New Clue in Defeating Cancer
Researchers at the UW Carbone Cancer Center have discovered a new form of human cell division. They believe this newly observed process, which they've dubbed klerokinesis, serves as a natural back-up mechanism during faulty cell division, preventing some cells from going down a path that can lead to cancer.
Principal researcher, Mark Burkard, MD, PhD, is an assistant professor of hematology and oncology at University of Wisconsin School of Medicine and Public Health and sees patients in the UW Health Breast Center. As a physician scientist, Dr. Burkard uses what he sees in the clinic to help frame his research and to more quickly translate what he learns in the lab to patient care.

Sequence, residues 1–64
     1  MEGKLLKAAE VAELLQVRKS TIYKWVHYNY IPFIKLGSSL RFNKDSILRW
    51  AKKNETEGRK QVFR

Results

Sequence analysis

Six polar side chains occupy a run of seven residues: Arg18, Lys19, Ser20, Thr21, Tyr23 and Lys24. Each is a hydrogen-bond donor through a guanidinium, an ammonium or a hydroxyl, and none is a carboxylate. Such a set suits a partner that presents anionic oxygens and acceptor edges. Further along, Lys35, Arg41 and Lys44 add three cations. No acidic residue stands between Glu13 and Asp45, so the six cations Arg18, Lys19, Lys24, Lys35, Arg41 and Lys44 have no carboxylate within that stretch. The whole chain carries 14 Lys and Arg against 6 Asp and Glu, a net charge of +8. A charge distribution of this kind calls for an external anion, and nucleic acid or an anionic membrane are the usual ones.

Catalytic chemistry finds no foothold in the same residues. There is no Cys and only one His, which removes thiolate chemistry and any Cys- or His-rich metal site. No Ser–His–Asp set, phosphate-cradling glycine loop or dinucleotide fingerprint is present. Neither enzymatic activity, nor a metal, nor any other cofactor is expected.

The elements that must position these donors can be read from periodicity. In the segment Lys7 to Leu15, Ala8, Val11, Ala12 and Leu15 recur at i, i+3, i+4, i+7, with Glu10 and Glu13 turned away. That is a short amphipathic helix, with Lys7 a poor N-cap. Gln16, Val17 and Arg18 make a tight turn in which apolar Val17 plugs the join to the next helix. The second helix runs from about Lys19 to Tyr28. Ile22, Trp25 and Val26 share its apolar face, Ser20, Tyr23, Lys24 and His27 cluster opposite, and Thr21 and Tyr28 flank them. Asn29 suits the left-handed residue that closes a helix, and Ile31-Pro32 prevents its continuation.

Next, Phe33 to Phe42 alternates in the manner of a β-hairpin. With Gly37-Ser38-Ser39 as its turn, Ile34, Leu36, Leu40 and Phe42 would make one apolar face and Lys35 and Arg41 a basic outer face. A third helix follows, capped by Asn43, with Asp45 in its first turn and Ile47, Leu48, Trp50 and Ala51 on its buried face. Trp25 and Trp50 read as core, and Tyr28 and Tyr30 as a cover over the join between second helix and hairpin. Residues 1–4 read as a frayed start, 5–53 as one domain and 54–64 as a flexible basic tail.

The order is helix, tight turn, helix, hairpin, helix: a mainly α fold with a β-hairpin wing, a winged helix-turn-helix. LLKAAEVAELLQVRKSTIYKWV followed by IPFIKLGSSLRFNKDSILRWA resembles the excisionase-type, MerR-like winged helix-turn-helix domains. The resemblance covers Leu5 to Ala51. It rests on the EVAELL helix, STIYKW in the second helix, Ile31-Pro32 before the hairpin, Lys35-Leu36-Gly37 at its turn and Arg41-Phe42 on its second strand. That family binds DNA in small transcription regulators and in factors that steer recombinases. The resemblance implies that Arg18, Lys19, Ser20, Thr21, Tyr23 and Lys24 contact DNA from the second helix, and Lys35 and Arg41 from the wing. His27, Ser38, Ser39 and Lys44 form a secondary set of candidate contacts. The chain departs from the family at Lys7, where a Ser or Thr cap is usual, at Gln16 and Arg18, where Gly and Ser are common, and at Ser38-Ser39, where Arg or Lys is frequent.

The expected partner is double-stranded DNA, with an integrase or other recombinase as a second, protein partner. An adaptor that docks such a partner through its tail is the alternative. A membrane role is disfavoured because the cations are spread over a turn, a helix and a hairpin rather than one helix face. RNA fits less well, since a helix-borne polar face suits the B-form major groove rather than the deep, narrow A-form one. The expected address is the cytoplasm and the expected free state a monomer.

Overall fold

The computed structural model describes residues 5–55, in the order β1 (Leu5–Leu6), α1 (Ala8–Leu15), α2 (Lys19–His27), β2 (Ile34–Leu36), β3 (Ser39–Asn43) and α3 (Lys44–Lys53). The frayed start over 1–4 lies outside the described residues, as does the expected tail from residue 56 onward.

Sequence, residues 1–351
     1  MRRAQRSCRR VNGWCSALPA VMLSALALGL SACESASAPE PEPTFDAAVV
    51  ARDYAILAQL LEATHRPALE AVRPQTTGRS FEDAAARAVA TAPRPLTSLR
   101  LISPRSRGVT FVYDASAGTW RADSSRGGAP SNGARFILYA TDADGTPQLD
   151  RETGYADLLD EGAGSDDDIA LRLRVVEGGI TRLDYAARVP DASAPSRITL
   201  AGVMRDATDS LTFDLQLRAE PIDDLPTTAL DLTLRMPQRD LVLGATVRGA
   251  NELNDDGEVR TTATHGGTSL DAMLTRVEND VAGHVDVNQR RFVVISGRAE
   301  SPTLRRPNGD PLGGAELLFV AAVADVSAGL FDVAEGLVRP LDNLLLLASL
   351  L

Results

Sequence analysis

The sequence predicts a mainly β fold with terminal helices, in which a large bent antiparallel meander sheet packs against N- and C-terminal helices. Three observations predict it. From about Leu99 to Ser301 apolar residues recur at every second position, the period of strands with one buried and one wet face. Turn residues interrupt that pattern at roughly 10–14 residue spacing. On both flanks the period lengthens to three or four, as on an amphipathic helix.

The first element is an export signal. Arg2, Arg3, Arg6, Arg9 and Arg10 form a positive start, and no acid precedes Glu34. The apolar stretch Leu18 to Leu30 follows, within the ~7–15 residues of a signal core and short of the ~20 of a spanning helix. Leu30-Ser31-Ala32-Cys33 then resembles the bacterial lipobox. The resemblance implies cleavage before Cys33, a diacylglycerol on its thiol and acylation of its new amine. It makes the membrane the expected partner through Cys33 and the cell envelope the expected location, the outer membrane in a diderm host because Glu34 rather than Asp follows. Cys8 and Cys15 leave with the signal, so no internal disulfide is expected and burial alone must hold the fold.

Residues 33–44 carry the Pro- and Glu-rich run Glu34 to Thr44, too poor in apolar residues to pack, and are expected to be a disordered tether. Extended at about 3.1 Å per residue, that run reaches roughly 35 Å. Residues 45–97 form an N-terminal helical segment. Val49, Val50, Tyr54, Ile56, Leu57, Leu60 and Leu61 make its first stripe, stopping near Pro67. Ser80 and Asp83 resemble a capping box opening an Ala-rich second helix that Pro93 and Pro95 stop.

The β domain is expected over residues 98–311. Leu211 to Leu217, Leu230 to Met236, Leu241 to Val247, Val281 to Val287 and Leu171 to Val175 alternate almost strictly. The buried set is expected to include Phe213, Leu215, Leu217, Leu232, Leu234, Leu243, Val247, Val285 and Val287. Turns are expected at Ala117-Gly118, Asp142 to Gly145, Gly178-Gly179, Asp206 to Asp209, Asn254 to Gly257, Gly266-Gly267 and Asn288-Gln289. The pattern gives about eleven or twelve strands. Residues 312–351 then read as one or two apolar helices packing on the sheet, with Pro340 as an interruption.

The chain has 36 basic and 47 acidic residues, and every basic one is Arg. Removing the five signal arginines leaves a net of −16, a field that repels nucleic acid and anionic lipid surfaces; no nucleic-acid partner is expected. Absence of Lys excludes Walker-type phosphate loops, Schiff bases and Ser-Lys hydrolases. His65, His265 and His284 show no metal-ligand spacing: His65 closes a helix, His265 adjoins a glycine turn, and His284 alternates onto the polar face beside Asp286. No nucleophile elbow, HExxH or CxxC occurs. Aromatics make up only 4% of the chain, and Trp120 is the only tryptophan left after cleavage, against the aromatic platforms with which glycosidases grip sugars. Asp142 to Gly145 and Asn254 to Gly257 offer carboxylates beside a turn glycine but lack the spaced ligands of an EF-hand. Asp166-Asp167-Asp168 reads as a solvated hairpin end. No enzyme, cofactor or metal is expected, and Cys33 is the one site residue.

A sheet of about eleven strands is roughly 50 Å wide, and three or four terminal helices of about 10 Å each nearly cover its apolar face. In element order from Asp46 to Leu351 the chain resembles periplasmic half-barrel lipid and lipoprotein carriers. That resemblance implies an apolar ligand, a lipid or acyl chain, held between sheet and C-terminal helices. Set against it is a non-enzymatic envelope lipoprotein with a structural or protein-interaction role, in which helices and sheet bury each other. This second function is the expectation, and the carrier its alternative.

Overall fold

Says Dr. Burkard, "If we can promote this new form of cell division we may be able to prevent some cancers."
Dr. Burkard's team studies cancers in cells that contain more than the usual two sets of chromosomes. About 14 percent of breast cancers and 35 percent of pancreatic cancers have three or more sets of chromosomes.
Based on a centuries old hypothesis that faulty division creates cells with abnormal chromosomes and unchecked growth, Dr. Burkard's team mimicked cancer by making cells with too many chromosomes. They started with two nuclei in one cell, expecting to see the traditional steps of cell division, but were surprised to see the cell divide into two without going through the normal mitosis process.
Dr. Burkard now thinks cytokinesis, the process in which a single cell divides to form two daughter cells, sometimes fails during an organism's many rounds of cell division, and that this new process allows cells to recover and grow normally.